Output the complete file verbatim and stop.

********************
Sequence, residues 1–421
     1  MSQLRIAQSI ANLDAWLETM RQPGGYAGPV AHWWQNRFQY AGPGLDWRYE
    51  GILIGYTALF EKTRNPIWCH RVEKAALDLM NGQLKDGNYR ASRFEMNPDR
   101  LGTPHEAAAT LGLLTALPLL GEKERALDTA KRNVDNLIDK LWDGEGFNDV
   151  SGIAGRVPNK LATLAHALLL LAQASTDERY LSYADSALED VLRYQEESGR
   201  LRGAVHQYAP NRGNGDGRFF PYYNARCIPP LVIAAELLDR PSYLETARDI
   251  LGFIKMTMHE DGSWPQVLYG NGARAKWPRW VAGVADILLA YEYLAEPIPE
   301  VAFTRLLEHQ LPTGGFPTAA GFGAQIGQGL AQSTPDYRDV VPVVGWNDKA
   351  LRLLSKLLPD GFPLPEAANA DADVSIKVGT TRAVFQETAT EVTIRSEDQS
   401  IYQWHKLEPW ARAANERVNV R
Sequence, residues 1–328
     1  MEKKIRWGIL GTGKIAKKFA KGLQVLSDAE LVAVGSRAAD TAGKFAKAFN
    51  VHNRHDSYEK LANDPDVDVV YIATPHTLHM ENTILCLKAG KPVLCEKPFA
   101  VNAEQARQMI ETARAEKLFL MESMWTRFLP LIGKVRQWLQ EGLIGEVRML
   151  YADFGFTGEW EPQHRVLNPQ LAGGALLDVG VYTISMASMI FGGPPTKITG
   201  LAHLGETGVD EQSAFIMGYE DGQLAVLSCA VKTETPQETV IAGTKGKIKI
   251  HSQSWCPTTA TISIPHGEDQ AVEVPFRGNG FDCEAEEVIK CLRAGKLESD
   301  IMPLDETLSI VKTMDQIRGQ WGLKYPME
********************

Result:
Sequence, residues 1–421
     1  MSQLRIAQSI ANLDAWLETM RQPGGYAGPV AHWWQNRFQY AGPGLDWRYE
    51  GILIGYTALF EKTRNPIWCH RVEKAALDLM NGQLKDGNYR ASRFEMNPDR
   101  LGTPHEAAAT LGLLTALPLL GEKERALDTA KRNVDNLIDK LWDGEGFNDV
   151  SGIAGRVPNK LATLAHALLL LAQASTDERY LSYADSALED VLRYQEESGR
   201  LRGAVHQYAP NRGNGDGRFF PYYNARCIPP LVIAAELLDR PSYLETARDI
   251  LGFIKMTMHE DGSWPQVLYG NGARAKWPRW VAGVADILLA YEYLAEPIPE
   301  VAFTRLLEHQ LPTGGFPTAA GFGAQIGQGL AQSTPDYRDV VPVVGWNDKA
   351  LRLLSKLLPD GFPLPEAANA DADVSIKVGT TRAVFQETAT EVTIRSEDQS
   401  IYQWHKLEPW ARAANERVNV R
Sequence, residues 1–328
     1  MEKKIRWGIL GTGKIAKKFA KGLQVLSDAE LVAVGSRAAD TAGKFAKAFN
    51  VHNRHDSYEK LANDPDVDVV YIATPHTLHM ENTILCLKAG KPVLCEKPFA
   101  VNAEQARQMI ETARAEKLFL MESMWTRFLP LIGKVRQWLQ EGLIGEVRML
   151  YADFGFTGEW EPQHRVLNPQ LAGGALLDVG VYTISMASMI FGGPPTKITG
   201  LAHLGETGVD EQSAFIMGYE DGQLAVLSCA VKTETPQETV IAGTKGKIKI
   251  HSQSWCPTTA TISIPHGEDQ AVEVPFRGNG FDCEAEEVIK CLRAGKLESD
   301  IMPLDETLSI VKTMDQIRGQ WGLKYPME